Historically, it was the Salt Creek Oil Field region that boosted the state into a major oil provider in the early 1900s. The old oil patch around there is littered with remains from the era.

A large portion of the field was set aside by the federal government to be used only in the event of a national crisis or shortage, called naval reserves, as they were established initially as fuel supplies for naval ships. This reserve site was made famous by the Teapot Dome scandal in 1922, when commercial pumping was allowed from the federal oil field here, and from ones in California, by a Secretary of the Interior who had been bribed by the oil companies that did so. The scandal involved Harry Sinclair, the founder of Wyoming’s Sinclair Oil, who served six months in prison for his role, then moved back into his Manhattan mansion.
Years later the field was finally opened up to commercial use, and is now actively being pumped and undergoing environmental restoration. When it was owned by the Department of Energy and operated by Flour Daniel Inc., the field produced over 22 million barrels of oil, generating more than $550 million for the government. It was finally sold in 2015 to the Stranded Oil Company of New York for $45 million. A commercial oil field operations training area is on the site as well.

Sinclair Oil, a distinctive brand, with (suitably) a dinosaur on its logo, is known as Wyoming’s oil and gasoline company. It has around 2,700 gas stations in the USA, though most of its gas is produced by other companies, like ARCO. There are two Sinclair refineries still operating in the state, one near Casper, and another in Sinclair, a small company town in southern Wyoming named after the company. This refinery has a capacity of 85,000 barrels per day, a medium-small one by national standards, but the largest of the four major refineries still operating in the state.

There used to be three refineries in Casper, a region that was once the heart of Wyoming’s oil production. One of them, owned by Texaco, closed in 1982. Clean-up and redevelopment of the site has been slow. The Sierra Club and others have claimed that arsenic, benzene, and ammonia (just to name a few of the dangerous substances cited) were buried in unlined pits next to the refinery, and that millions of pounds of contaminants were released into the river and groundwater every year that the plant was in operation.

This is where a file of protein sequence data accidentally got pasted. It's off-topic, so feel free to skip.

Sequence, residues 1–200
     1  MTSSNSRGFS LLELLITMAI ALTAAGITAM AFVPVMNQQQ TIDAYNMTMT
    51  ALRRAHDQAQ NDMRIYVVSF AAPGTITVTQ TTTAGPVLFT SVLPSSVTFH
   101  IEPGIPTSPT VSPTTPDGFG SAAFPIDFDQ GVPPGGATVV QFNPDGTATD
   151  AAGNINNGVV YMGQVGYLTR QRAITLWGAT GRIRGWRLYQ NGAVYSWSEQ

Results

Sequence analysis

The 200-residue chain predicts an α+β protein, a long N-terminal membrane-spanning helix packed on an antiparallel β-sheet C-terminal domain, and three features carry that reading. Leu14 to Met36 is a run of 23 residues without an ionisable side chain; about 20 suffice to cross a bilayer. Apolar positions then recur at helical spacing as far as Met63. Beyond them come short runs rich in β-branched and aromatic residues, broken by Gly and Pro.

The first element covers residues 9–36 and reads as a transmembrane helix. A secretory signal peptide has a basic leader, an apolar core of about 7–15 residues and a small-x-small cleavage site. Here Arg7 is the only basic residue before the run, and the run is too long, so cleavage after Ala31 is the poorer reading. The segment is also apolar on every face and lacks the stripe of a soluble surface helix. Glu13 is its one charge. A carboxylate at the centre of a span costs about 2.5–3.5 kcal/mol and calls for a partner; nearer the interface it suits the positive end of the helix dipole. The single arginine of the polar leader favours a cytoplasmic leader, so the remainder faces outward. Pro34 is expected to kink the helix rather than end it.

4776 The Holly/Frontier refinery in Cheyenne. CLUI photoA refinery in Cheyenne has the capacity of processing around 50,000 barrels per day, which makes it the second largest in the state. It is operated by the Holly/Frontier Corporation, and primarily produces gasoline for local markets. Little America operates a 25,000 barrel per day refinery in Evansville, and Black Elk Refining operates a 14,000 barrel per day refinery in Newcastle. Additionally there is a 3,800 barrel per day refinery in Douglas, and a 3,000 barrel per day refinery in Evanston. These are tiny compared to the 500,000 barrels per day produced by the nation’s largest refineries. But Wyoming’s oil is famously independent, and small scale.  

In point of fact, the state is the home of the C and H Refinery, in the eastern Wyoming town of Lusk, which was recently listed in the Guinness Book as the world’s smallest functioning oil refinery. It uses the old thermal distilling methods, not the catalytic cracking of modern refineries, and dates back to the early 1900s. C and H was restored to working condition by a private individual, Zahir Khalid, who bought it in 1998, for historic more than economic reasons. Its capacity is just a few barrels per day.

4777 The closed Gift Tank lurking in the bushes at the Accidental Oil Well Site. CLUI photoNorth of Lusk, on the edge of the Black Hills, is another curious Wyoming oil location, the Accidental Oil Well. The site was operated as a tourist attraction starting in 1970. The primary draw was a hand dug 24 foot deep oil well, an excavated underground cavity that visitors could walk into through a lighted tunnel, and admire from a 58 foot long viewing gallery. Topside was a pump with a crank so people could pump oil out by hand. There was also old oilfield equipment on display, and a 10,000 barrel metal oil tank, which was turned into a gift shop called the Gift Tank, with paneled walls and chandeliers. A unique attempt at oil tourism, the facility closed some years ago, and is abandoned.